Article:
Dublin Too Dear

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A new report from Nestpick, the world’s largest database for furnished apartment rentals, takes a look at the cost of renting an apartment in more than 700 neighborhoods spanning 50 major cities.

The prices are based on median rents for the last quarter of 2018, so they should reflect the current listings for an apartment. Apartments are considered “affordable” if households are spending 30% or less of their income on rent – a standard used by the US government.

Full Nestpick report here

Here’s what you need to earn to afford a one-person apartment in the world’s most popular cities (Business Insider)

Meanwhile…

 

The company [Nestpick] defines a single person apartment as around 50sq m (plus or minus 10sq m) and a family apartment as 105sq m( plus or minus 15sq m). The monthly salary requirement incorporates an area’s rent per sq m and the average apartment size.

The research found a worker on the minimum wage would need to work more than 279 hours to pay the monthly rent in Dublin 2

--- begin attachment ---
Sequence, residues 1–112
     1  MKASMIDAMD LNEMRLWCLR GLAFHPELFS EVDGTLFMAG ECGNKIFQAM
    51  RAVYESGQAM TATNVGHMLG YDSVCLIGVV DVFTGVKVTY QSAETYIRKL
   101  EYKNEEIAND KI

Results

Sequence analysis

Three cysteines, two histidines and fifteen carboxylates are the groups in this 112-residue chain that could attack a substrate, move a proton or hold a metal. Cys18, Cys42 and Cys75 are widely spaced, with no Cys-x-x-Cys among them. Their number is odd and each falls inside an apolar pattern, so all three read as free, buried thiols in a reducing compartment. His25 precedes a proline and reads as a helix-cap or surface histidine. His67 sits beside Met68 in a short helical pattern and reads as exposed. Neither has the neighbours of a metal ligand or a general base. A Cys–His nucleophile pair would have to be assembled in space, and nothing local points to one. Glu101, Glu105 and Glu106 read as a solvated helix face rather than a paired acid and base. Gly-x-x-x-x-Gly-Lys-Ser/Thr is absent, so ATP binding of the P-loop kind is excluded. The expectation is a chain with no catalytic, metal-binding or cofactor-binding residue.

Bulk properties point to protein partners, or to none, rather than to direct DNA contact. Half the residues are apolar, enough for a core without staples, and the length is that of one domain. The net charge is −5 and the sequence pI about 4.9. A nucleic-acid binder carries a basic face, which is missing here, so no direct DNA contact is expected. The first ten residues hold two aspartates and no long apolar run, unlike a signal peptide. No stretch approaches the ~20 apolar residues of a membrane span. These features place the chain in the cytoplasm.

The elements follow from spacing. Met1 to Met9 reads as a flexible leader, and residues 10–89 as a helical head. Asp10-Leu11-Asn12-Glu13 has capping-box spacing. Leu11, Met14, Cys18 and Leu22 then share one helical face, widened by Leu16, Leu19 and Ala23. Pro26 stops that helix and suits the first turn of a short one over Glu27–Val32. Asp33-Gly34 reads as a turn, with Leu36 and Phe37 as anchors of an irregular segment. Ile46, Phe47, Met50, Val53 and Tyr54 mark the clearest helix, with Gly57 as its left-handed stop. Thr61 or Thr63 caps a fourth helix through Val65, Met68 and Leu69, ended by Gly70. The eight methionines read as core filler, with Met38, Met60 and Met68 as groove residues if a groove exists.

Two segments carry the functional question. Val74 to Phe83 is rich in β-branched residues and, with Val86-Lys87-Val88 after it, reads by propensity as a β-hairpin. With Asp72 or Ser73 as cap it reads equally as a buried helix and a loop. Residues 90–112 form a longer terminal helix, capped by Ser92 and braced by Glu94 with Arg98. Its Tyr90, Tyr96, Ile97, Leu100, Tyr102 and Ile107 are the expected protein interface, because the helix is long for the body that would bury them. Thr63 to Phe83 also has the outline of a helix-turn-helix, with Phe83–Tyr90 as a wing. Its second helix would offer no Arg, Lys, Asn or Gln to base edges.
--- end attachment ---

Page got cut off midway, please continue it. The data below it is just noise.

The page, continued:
.

Monthly salary after tax of €8,900 needed to live in Dublin 2 (Irish Times)

8 thoughts on “Dublin Too Dear

  1. Spaghetti Hoop

    ‘around the world’ in this case excludes South America, Africa and larges swathes of Asia and the Middle East. Cos like research is so tiring, huh.

  2. Jimi

    Sorry $6671 is €5843, where is €8.5k coming from? Dont’ get me wrong, theres no way on earth Dublin shouldn’t be half that, but I just don’t see where the figures are coming from?

    1. Cian

      The headline seems to be specifying Dublin 2.

      You won’t believe what happens if we take the most extreme position and use it as a headline.

  3. JEH

    Also, keep in mind that it says “furnished apartments”. In many European cities (eg Paris, Zurich, Geneva, Brussels) unfurnished would by and far be the norm, so a furnished apartment is likely to command a premium in these areas, increasing the cost per m2. Therefore, these rates for other European cities are likely overstating what one would actually expect to pay.

    Anecdotally I can say that my friends who have moved from Dublin to Paris, Zurich, Brussels, and Munich are paying less on rent (in absolute euro terms) for better quality, larger accommodation, in more central locations. And in relative terms (rent as a percent of after-tax income) they’re paying less.

    We’re all getting hosed up here in the Big Pothole.

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